“This patent filing is a watershed moment not only for PowerSat but for a renewables industry that, until now, could neither compete economically nor generate power at the base load scale of oil or coal,” said PowerSat CEO William Maness. “Today, the convergence of technology and energy demand, combined with the political will to wean us off of fossil fuels, enables space solar power (SSP) to fill a widening clean energy supply gap.”

SSP is a clean, viable solution to our world’s growing energy problems. Not limited by weather or geography, SSP solves the intermittency problems of earth-based renewables by providing a reliable and flexible energy source that is available 24/7. The underlying technology components are proven and systems will be deployable within a decade. Solar energy is captured via solar power satellites (known as powersats) and transmitted wirelessly to receiving stations at various points around the globe. Thousands of megawatts can be harnessed and shifted between receiving stations thousands of miles from each other—all in a matter of seconds.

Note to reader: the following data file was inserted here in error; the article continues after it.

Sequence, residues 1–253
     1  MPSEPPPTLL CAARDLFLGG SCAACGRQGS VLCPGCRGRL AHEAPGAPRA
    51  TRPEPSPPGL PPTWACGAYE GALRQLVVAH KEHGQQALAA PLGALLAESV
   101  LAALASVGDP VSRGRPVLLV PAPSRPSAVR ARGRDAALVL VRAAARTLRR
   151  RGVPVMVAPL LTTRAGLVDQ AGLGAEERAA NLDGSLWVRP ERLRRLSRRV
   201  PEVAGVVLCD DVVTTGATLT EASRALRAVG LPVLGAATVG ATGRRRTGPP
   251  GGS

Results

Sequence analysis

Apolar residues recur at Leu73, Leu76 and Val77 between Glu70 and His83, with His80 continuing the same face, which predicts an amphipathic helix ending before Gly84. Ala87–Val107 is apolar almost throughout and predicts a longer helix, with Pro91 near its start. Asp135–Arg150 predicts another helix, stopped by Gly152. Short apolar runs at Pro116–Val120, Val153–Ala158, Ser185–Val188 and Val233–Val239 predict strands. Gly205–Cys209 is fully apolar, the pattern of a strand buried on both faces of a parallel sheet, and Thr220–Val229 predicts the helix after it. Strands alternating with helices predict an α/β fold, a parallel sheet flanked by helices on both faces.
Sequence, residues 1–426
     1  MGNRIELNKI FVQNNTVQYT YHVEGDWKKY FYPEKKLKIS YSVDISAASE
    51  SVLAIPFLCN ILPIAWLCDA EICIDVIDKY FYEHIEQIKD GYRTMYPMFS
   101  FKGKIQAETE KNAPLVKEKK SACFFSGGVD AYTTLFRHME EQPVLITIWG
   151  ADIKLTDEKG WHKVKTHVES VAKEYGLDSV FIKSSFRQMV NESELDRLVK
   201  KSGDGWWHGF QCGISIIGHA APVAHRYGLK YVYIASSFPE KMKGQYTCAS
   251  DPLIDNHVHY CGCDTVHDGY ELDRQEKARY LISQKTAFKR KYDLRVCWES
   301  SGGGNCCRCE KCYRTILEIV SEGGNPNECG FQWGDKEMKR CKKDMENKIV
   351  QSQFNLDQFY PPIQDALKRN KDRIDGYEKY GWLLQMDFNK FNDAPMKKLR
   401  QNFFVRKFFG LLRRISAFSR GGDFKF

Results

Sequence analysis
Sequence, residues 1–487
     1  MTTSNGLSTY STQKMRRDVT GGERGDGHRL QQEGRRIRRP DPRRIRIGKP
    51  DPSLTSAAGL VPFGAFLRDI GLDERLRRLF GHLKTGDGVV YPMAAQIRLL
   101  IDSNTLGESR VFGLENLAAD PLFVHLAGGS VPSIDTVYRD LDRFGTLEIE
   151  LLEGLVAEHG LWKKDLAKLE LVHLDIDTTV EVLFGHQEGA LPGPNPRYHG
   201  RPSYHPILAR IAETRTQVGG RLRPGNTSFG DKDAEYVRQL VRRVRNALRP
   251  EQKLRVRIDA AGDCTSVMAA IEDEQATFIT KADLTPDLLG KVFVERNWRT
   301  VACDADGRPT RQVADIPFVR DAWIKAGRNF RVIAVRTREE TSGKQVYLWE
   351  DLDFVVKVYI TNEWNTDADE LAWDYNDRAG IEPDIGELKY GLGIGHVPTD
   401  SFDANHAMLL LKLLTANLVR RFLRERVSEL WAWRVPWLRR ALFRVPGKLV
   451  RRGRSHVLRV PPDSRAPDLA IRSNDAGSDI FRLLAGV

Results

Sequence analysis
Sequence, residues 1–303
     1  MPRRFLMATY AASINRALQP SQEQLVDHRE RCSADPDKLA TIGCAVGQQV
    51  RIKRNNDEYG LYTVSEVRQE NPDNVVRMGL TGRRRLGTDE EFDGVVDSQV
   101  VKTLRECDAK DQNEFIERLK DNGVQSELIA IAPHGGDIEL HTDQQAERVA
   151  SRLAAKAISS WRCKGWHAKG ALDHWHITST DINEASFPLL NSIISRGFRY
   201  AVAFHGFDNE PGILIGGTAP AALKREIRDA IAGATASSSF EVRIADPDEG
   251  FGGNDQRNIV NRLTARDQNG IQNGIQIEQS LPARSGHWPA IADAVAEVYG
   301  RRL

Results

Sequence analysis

PowerSat Corporation’s first patented technology, BrightStar, allows individual powersats to form a wireless power transmission beam without being physically connected to each other. This “electronic coupling,” conceptually similar to cloud computing, effectively eliminates the need to handle large (gigawatt) levels of power in a single spacecraft. Because of BrightStar, one transmission beam may now come from hundreds of smaller powersats. Another advantage of Brightstar is increased reliability. If any of the individual component satellites fail they can be easily replaced without significantly affecting the performance of the system, thus establishing much greater reliability.

The other technology being patented by PowerSat, Solar Power Orbital Transfer (SPOT) propels a spacecraft to an optimal, Geosynchronous Earth Orbit (GEO) using electronic thrusters that are powered by the same solar array that is eventually used for wireless power transmission. Until now, all satellites have had to use chemical propulsion or a chemically fueled “space tug” to move from Low Earth Orbit (LEO), which is 300-1,000 miles in altitude to GEO, which is 22,236 miles in altitude.

SPOT technology also decreases the weight of a powersat by 67%, dramatically reducing launch costs, and enabling PowerSat modules to fly on rockets to LEO, deploy their solar powered electronic thrusters and then fly themselves out to GEO. GEO, the orbit for most communications satellites, is optimal because it allows a powersat to harvest the sun’s energy continuously.